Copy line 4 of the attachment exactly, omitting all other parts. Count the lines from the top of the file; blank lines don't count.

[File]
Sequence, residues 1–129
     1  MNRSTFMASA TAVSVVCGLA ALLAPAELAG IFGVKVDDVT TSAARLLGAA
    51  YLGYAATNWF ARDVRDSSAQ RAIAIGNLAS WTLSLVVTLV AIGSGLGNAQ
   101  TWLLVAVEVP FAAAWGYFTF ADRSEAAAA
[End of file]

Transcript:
   101  TWLLVAVEVP FAAAWGYFTF ADRSEAAAA